Europe's debt disaster has become a farce. But tragedy beckons...
TODAY'S PARALLELS with the situation in 1931 are eerie, writes Dan Denning at The Daly Reckoning Australia.
But there are also major differences, which is why this drama has dragged on for so long.
Amongst Europe's major powers there is a strong desire to maintain the status quo. France and to a lesser extent Germany, are doing their utmost to keep the Eurozone intact. Back in the 1930s, it was pretty much every man for himself. Great War enmities lingered and spilled over to the economic and political sphere. Coordinated action was impossible.
While there are certainly differences between then and now, you should ask - will the outcome be any different?
Greece is sliding towards default. It would've happened back in 2010 but the politicians and bankers did all they could to avoid this impending reality. They provided Greece with billions of Dollars in loans, hoping growth would pull the country out of the hole. Instead, the depression has deepened and Greece has just dug itself in deeper.
This ensures the eventual day of reckoning will be that much worse when it arrives.
The whole Euro-debt crisis has become a farce. Each day the market reacts to rumours about a potential change to the situation. Big rallies and declines characterise each day's trading. This is a feature of a fragile and vulnerable market. Confidence is fleeting.
On the one hand, the market is saying a Greek default is imminent. On the other, those with an interest in maintaining the status quo make soothing statements about Greece sticking to its austerity program and remaining a part of the Eurozone.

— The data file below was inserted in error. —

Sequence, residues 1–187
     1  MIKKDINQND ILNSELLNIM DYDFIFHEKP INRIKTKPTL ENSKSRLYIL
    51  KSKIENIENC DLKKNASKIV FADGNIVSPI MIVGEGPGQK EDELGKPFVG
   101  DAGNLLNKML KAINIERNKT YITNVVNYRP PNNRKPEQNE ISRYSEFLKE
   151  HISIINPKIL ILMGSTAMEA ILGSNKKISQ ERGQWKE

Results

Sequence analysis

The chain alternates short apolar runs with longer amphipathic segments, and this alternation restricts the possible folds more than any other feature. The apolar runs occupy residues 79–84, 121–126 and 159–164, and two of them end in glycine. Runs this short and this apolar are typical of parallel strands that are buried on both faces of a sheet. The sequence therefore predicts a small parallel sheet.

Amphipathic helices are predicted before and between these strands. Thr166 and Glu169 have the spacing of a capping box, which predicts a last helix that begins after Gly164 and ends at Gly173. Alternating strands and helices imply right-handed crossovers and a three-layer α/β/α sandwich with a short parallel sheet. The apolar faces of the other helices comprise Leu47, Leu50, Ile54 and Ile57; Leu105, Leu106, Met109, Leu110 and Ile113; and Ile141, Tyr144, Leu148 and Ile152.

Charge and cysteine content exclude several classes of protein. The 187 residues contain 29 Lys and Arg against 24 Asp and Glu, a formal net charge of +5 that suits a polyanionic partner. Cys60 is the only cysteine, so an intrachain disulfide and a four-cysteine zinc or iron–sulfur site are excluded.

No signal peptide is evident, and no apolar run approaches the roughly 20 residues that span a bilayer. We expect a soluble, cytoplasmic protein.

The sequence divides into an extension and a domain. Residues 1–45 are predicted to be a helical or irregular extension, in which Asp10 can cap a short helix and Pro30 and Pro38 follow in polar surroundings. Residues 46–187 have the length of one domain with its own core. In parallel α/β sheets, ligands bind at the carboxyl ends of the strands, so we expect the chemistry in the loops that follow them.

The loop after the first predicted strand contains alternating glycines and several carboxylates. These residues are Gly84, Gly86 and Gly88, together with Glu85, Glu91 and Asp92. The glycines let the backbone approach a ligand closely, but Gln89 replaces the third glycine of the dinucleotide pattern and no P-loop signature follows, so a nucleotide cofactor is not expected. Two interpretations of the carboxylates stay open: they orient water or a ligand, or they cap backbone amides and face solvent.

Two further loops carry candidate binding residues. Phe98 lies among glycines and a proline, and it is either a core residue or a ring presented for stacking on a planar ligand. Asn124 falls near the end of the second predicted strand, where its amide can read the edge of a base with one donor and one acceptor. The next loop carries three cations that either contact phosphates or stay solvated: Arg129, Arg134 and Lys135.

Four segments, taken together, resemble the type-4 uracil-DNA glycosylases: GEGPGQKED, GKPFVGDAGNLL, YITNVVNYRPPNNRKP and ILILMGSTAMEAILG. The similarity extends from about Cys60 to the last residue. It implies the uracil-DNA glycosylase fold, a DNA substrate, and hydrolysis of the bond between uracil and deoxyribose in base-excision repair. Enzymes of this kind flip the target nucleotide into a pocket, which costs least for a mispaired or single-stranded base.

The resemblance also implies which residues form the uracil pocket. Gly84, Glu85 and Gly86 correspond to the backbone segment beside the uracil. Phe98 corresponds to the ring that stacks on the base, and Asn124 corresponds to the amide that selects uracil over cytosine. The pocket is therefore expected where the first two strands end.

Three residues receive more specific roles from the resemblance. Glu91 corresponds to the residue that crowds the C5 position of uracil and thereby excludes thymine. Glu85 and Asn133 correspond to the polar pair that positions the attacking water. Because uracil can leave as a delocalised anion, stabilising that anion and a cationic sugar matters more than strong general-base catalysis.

In my opinion, the market is far smarter than a bunch of determined and self-interested politicians and bankers. Greek one-year bonds are yielding a massive 134% in the secondary market. The two-year note trades on a yield of nearly 77%.
Greece simply doesn't have enough money to endure. It desperately needs a €8bn loan from the European Union and International Monetary Fund to be able to pay its bills. The loan is due in the next couple of weeks but it is under threat because Greece has not met previously agreed austerity targets.
So over the weekend, Greek politicians proposed a new property tax to try and secure the rescue funding. Without it, a default is a certainty. Like Australians, the Greeks love their property and further civil disorder will stem from these latest measures.
Regardless of whether the tax is actually collected though, the intention to do so will be enough for nervous Eurocrats to release the next tranche of the rescue loan. It's not really a kick, but the can will be scuffed down the road for a few more weeks at least.
Buying Gold today...?